Glasgow is a city well renowned for its green spaces and is often referred to as the Dear Green Place. However, the city centre itself lacks such spaces. The St Enoch and Broomielaw District Regeneration Frameworks (DRFs) hope to address this, by creating a river park along the River Clyde.

The Clyde side at the moment is dominated by the car, making it unattractive to pedestrians and cyclists. As a result of this, public space in this area is inadequate for a modern 21st-century city. Consequently, the aim is to provide continuous safe ‘car-free’ routes for pedestrians and cyclists. In addition, provision of long distance linear promenade is a crucial element of (Y)our River Park.

The aim is to create a River Clyde Linear park, from Glasgow Green to the River Kelvin, making it the biggest and most vibrant park in Glasgow. The ambition for the River Park is for it to become the attraction of the city centre, full of amenity spaces such as green and water recreation play spaces, sports tracks and fields for all ages and a social/events space. Moreover, the river should become a nationally significant destination that attracts international visitors, making it a natural hub for socialising and leisure. As a result of this, the area should attract high footfall and the river can once again be at the heart and soul of the city.

Again tackling the inaccessibility of the River, improvements to bridge connections will be considered. Strengthening the pedestrian and cycle connection of River Clyde South Bank and North Bank by introducing an intermediate bridge between the Squiggly Bridge (Tradeston) and the Squinty Bridge (Clyde Arc) will be investigated, as well as additional bridge crossings. Moreover, additional connections will better connect neighbourhoods on each side of the River and will encourage positive developments.

Now you can have your say:

The St Enoch District Regeneration Framework (DRF) is now out for public consultation and this is your chance to have your input on the DRF, highlighting which themes you think will benefit the city or vice versa. Please see attached links below for St Enoch DRF and St Enoch DRF public consultation:

Download the Draft St Enoch DRF Report
Tell us what you think



The St Enoch District Regeneration Framework (DRF) follows on from similar documents previously generated for both the Sauchiehall & Garnethill, and Broomielaw districts. As such it identifies a number of different strategic aims and project activities for the area. Like the Broomielaw document before it, St Enoch DRF is also strongly associated with the regeneration of the River Clyde and references the theme of (Y)our River Park.

Additionally, it also includes the themes of (Y)our Great Streets & Spaces, (Y)our Updated Mobility, (Y)our Great Buildings, (Y)our Vibrant St Enoch, as well as Transforming (Y)our St Enoch. Each of these different elements contributes towards the overall ambition for the district and, in the same way, each DRF contributes to the wider aspirations for the city centre and, by extension, Glasgow.

Consequently, given the potential impact of these proposals, it is so important that as many people as possible take the opportunity to read over these vision documents and understand what is planned. More importantly, it is an opportunity for you to provide your comments and inform the conversation going forward.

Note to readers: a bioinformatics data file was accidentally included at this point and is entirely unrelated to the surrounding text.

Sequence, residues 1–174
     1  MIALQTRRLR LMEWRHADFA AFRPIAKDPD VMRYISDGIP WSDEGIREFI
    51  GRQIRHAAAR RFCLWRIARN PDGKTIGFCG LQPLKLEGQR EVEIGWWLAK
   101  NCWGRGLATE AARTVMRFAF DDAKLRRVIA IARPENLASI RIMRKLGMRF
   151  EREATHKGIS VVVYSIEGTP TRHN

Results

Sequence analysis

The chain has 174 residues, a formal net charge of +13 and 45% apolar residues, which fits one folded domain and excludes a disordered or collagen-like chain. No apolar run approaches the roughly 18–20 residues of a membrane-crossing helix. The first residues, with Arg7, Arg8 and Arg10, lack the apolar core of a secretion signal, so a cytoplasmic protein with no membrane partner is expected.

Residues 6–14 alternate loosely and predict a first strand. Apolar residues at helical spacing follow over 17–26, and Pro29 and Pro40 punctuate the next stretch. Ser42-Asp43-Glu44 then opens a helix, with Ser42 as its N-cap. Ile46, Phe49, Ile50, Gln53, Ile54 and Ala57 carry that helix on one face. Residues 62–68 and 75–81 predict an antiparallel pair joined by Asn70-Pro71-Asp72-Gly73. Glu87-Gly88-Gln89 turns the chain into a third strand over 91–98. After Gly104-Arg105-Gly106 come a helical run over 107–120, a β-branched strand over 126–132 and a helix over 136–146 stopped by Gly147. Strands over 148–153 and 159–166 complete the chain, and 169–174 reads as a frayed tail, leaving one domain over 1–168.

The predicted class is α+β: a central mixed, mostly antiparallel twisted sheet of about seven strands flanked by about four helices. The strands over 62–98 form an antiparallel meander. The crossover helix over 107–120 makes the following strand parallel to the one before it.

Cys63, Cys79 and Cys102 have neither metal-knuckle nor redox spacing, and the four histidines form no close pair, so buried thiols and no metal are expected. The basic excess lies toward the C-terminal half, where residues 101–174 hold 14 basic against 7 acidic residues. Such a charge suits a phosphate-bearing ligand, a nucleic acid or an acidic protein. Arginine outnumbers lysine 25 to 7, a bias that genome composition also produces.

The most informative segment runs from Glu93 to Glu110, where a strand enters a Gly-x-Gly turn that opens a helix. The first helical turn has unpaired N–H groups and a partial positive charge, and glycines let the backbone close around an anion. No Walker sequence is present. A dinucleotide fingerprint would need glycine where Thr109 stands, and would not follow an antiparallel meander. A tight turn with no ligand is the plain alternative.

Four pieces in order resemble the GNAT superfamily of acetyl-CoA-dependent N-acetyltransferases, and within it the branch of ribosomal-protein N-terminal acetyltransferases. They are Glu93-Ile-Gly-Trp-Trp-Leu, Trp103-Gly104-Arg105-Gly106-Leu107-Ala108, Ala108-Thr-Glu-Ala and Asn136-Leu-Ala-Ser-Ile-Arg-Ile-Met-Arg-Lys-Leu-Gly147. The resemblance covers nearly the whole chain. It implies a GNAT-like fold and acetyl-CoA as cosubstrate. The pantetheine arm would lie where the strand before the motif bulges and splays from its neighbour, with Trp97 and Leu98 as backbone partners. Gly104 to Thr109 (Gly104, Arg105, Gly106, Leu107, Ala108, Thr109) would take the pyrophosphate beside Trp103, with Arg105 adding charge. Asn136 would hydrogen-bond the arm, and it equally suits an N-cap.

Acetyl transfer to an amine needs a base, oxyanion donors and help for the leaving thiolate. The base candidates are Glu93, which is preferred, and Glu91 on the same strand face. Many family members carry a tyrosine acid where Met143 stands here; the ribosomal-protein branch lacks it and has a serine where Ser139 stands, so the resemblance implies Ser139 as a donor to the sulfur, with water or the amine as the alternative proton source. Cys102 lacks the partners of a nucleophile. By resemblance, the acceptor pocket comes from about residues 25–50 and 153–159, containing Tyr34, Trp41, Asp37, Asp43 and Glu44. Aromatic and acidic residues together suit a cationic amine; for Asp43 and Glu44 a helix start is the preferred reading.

St Enoch DRF formally went live on 14th June and remains available for comment until 6th September. You can access the document and the GCC Consultation Hub via the following links:

Draft St Enoch DRF Document

GCC Consultation Page

Please let us know what you think.



With the Council giving final approval for the Broomielaw District Regeneration Framework (DRF) and the go-ahead to continue the public engagement for the St Enoch DRF the City Centre Districts Strategy has taken a big step forward.

For Broomielaw we are now preparing to move into the implementation phase. The actions are defined across seven themes with projects that are small, medium and large. The public consultation was very supportive of the themes and the key projects, which is an encouraging place to start from. There will be regular updates as the project develops.

It was also really good to hear that the Broomielaw DRF which was developed by a multi-disciplinary team appointed by the Council and led by Glasgow-based architecture practice, Austin-Smith:Lord, working in collaboration with leading international architects and urbanists, MVRDV has been shortlisted for a Scottish Design Award. The awards will be announced on the 22 August. This team have also developed the St Enoch DRF.

The other big step forward was the approval to continue the process of engagement by moving into the final public consultation phase for St Enoch. To date, this phase of the City Centre Districts Strategy has engaged with over 5,000 people so this is the opportunity to look at and comment on the proposals that have been pulled together from people’s thoughts on the opportunities and challenges in St Enoch.

Given how many people have been engaged up to now it would be really good to hear from as many people as possible during this final consultation. If you want to take part click on this link and it will take you to the full and summary reports as well as the survey.

St Enoch DRF Consultation”>This is the link to the survey on the St Enoch DRF Consultation.